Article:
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Having just read the tablesaw injury article I feel that I have not been given the whole story. What dis Goss want that discussions broke down?
I have instructed students (about 300 per semester)for some 10 years on etiquets and proceedures in the shop; and developed the safety program for the operation of shop machines for the university. One machine I always instructed cation on was the Delta-UniSaw, an extemely dangerous piece of equipment if improperly used. The most repeated instruction was "if the saw starts to sound funny or different STOP and check all your components" the "wood" the "blade" and your "position" on the tablesaw. Make sure you are using a "push stick" and "dont force the piece".
I have not had a student get injured when they followed the rules. It seems that Mr. Orsorio was not instructed properly on how to use the saw; was he observed to ensure proper operations before been left alone? The most important rule in using a table saw is not to force materials through the blade. It seems that the jury was not educated to the safety rules of operating a table saw. Personal responsibility and attentiveness is critical when operating machinery. It is hard to say who is at fault when all the facts are not given.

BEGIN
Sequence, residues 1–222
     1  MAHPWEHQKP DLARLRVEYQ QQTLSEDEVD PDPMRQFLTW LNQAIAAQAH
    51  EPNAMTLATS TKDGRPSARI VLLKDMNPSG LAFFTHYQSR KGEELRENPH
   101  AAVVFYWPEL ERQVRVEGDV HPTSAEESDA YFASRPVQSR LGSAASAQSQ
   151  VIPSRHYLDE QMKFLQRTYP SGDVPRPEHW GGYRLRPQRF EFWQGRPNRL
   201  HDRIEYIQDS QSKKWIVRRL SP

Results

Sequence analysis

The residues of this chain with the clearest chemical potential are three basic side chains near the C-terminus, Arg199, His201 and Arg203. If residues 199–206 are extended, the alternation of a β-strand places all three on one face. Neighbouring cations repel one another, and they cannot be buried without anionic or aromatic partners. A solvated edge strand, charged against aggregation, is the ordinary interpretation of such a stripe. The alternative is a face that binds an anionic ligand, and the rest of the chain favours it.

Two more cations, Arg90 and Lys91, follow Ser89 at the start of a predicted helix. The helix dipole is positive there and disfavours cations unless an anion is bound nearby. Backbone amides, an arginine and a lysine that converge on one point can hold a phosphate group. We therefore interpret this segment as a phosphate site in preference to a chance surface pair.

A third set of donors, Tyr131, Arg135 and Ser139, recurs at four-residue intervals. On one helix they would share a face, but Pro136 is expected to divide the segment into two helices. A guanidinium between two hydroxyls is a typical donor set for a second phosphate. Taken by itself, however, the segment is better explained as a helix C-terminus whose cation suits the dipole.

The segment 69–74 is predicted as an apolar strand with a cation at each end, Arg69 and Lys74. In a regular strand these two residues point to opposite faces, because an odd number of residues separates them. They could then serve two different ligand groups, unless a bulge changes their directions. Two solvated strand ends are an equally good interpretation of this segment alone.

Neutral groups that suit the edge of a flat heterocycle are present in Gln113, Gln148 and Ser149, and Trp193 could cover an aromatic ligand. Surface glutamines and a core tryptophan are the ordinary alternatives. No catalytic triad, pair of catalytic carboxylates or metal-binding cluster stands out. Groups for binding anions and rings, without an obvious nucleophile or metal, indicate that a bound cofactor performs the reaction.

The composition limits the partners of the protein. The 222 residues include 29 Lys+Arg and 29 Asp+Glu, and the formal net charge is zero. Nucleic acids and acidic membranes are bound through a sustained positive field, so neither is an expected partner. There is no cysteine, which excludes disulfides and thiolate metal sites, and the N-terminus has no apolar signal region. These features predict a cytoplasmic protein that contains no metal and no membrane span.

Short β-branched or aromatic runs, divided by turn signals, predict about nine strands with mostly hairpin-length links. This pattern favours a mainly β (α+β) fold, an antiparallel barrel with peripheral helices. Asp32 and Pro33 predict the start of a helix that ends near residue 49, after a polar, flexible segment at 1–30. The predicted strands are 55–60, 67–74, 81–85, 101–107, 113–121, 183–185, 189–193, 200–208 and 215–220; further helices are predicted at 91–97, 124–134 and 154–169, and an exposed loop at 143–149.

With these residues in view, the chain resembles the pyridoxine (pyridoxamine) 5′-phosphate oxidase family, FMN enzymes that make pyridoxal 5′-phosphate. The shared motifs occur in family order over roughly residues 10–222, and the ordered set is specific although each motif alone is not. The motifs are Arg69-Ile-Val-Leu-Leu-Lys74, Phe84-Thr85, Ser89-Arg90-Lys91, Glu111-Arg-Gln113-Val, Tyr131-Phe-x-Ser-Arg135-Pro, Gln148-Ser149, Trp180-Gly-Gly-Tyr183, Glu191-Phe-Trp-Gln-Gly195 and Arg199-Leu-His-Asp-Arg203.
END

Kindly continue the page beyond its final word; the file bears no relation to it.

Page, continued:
I have to asume that the saw was working properly or he would not have been using it, if it wassn't working properly he should not have been using it.
I have always told my students to put their brain in gear first before placing any machinery in gear. As an Architect I understand Tort Laws, this one seems to have gone off track.
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